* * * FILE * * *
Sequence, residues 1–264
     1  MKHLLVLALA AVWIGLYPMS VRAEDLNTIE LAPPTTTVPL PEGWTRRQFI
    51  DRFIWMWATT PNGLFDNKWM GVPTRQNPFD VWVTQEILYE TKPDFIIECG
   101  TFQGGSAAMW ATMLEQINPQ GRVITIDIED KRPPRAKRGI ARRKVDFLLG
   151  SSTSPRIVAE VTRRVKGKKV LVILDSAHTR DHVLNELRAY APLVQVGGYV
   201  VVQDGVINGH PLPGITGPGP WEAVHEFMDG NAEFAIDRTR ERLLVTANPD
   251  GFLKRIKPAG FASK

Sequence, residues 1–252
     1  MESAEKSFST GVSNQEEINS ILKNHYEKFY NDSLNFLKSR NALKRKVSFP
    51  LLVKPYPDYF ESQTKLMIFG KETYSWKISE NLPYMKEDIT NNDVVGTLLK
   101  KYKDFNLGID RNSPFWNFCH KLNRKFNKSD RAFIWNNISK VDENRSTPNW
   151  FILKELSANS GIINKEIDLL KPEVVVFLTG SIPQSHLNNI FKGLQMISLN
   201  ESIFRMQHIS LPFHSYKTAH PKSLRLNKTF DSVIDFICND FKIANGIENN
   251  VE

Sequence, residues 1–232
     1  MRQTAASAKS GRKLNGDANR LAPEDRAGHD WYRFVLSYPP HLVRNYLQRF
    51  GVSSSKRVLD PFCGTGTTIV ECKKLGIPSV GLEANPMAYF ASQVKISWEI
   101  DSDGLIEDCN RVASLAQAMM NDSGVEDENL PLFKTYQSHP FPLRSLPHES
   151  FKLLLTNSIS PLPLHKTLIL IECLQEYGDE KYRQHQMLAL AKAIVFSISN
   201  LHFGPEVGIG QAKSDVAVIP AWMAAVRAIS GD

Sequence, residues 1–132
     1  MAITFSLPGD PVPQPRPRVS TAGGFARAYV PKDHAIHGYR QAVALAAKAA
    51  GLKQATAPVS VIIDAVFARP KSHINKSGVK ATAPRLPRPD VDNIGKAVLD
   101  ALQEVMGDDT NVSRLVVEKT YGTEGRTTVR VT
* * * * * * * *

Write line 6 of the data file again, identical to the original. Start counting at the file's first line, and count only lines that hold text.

   201  VVQDGVINGH PLPGITGPGP WEAVHEFMDG NAEFAIDRTR ERLLVTANPD